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Your current vehicle isn’t as reliable or attractive as you’d like, but you’re fearful of buying a new car at the dealership, just to be turned down due to your bad credit score. Or maybe you’re financially stable now, but still repairing the financial damage done after an extended layoff, unanticipated medical bills, or whatever economic issue dragged you down.

The good news is that buying or financing a new or used car can help your credit score bounce back. That’s right: Replacing your less-than-desirable car or SUV with a new vehicle can actually help you achieve your goals of getting back on track with your credit score!

How? A positive record of car-loan payments made on time will help prove that you’re out of the woods, so to speak, with your financial challenges. Over time, this good payment history will push your credit score up, up, up!

But you may still have questions about how your new or used car loan can help raise your poor credit. Here are some of the most commonly asked questions about buying a vehicle and how that impacts your credit and FICO score.

 

How does a lender view my mediocre or poor credit score?

Let’s be honest. A lender isn’t eager to take a chance on a poor risk. But if you’re showing signs of recovering from your financial difficulties, a lender may be interested in working with you. That’s because they can charge higher interest rates, and they stand to make more money from your loan than from someone with an impeccable credit score.

Your best bet for finding a lender is to try your local small bank or credit union, preferably one that you’ve had a relationship with. This type of lender is more focused on working with community members and extending credit to reasonable members for auto loans. Some dealers may also have a lender they work with to help secure financing for those with poor credit.

Should I try to get pre-approved?

Going through the pre-approval process can give you more confidence. You know that when you go on the car lot that you won’t have to worry about qualifying for an auto loan. Plus, going into your local bank or credit union may help you qualify, especially since you can answer questions about what led to your financial problems. If you truly have turned your financial situation around, a small financial institution is more likely to give you a chance than a larger bank.

If you cannot get pre-approved at a small bank or credit union, you can turn to a lender who specializes in car buyers with bad credit. Some of these lenders offer subprime car loans, which usually come with high interest rates and may use the vehicle as collateral, which means it will be repossessed if you don’t make your payments. If you are forced to work with a subprime lender, make sure you do not have penalties for paying off the balance early and make it a priority to pay down your debt as fast as possible. That way, you won’t pay as much in interest.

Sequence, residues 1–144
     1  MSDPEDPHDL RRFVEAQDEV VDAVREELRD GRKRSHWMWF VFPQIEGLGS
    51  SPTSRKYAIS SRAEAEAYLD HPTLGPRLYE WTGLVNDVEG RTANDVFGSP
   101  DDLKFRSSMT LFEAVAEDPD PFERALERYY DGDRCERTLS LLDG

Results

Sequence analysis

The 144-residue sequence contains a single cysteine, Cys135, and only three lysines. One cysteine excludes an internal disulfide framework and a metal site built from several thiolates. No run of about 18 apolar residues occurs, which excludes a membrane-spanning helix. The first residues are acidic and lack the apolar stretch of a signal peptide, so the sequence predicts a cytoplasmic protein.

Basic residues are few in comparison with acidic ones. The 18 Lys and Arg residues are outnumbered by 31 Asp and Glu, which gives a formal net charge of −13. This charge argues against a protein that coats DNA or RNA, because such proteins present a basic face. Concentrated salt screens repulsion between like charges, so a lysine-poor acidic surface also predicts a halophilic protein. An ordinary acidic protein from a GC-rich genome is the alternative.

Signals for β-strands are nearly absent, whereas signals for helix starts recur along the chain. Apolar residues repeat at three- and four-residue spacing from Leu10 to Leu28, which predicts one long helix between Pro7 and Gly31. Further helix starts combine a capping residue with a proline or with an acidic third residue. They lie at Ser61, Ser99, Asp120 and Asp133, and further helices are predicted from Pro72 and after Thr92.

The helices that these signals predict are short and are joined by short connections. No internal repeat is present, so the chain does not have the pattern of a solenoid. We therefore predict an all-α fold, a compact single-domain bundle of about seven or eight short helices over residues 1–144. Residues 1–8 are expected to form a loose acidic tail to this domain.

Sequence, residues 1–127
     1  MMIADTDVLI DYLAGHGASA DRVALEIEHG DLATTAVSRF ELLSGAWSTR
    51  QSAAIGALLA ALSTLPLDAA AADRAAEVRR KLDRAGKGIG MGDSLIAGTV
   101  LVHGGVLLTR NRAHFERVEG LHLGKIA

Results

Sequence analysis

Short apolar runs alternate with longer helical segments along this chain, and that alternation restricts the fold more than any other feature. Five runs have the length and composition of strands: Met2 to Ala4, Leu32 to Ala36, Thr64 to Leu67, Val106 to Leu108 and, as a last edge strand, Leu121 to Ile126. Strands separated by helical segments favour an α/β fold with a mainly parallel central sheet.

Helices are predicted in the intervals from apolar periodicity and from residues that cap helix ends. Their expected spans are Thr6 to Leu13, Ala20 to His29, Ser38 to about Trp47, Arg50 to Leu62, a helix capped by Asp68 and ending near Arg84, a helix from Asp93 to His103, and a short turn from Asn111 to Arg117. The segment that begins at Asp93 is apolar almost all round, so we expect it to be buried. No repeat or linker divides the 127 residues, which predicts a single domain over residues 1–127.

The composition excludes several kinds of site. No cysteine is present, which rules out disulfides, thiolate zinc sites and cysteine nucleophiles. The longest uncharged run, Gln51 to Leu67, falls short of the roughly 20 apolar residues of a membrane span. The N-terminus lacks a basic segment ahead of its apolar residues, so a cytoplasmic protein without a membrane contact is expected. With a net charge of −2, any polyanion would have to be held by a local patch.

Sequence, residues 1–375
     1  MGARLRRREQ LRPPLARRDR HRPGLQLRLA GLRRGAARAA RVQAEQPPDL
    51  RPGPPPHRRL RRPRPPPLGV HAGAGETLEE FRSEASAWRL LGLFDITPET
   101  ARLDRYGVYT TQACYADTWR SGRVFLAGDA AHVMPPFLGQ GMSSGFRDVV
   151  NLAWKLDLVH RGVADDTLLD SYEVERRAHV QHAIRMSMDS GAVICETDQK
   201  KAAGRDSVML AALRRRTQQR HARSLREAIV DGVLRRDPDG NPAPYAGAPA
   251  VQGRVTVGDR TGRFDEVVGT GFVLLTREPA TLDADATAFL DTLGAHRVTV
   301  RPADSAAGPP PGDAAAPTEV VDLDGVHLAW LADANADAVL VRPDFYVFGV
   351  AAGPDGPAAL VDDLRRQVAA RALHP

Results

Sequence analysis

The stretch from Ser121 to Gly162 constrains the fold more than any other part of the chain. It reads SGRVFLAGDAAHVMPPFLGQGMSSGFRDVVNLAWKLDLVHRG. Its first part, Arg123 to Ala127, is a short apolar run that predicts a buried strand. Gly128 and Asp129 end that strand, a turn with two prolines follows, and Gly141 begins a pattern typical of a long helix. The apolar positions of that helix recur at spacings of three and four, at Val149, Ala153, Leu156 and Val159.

Will having a co-signer make the process easier?

If you can find a reliable co-signer, that can indeed make the loan process simpler. You’re more likely to be approved and to qualify for lower interest rates. However, you must be confident that you will be able to make payments, or your co-signer will have to make them in your place.

 

Will my FICO score go down when I ask for a vehicle loan?

Many dealers will send your loan application to multiple lenders, like banks and credit unions in your area. It’s true that a new inquiry will be noted on your credit report each time one of these financial institutions asks to review your credit, and this can cause your score to drop a few points for each inquiry. However, current credit scoring systems will usually recognize these multiple requests as all being made for the same purpose. That means you won’t get several dings on your credit; in fact, many systems don’t even count auto loan inquiries in their assessments.

 

Is there anything I can do to improve my credit score before I shop for a vehicle?

You should definitely review your credit report and question any items that are not accurate. If you can make additional payments on outstanding debts, that can also raise your score. Remember that this work can take a few weeks to show on your credit report, so begin the process at least 2 to 3 months before you plan to go car shopping.

 

Apply for Honda Financing in South Florida

Even with bad credit, shoppers from all over South Florida have successfully improved their FICO scores by taking out car loans at our Honda dealerships in FL. Whether you plan on buying a new Honda CR-V or a quality pre-owned car, our South Florida Honda Dealers are here to help. Contact your nearest Honda SUV dealership in Florida to get your financing pre-approval application started, and be sure to ask about any current Honda financing specials available to you.

 

 

Sources:

https://www.experian.com/blogs/ask-experian/does-buying-a-car-help-your-credit-positively-or-negatively/

https://www.thebalance.com/buying-car-bad-credit-960978

https://www.bankrate.com/loans/auto-loans/9-steps-to-a-car-loan-on-damaged-credit/

https://www.creditkarma.com/auto/i/refinance-car-loan-bad-credit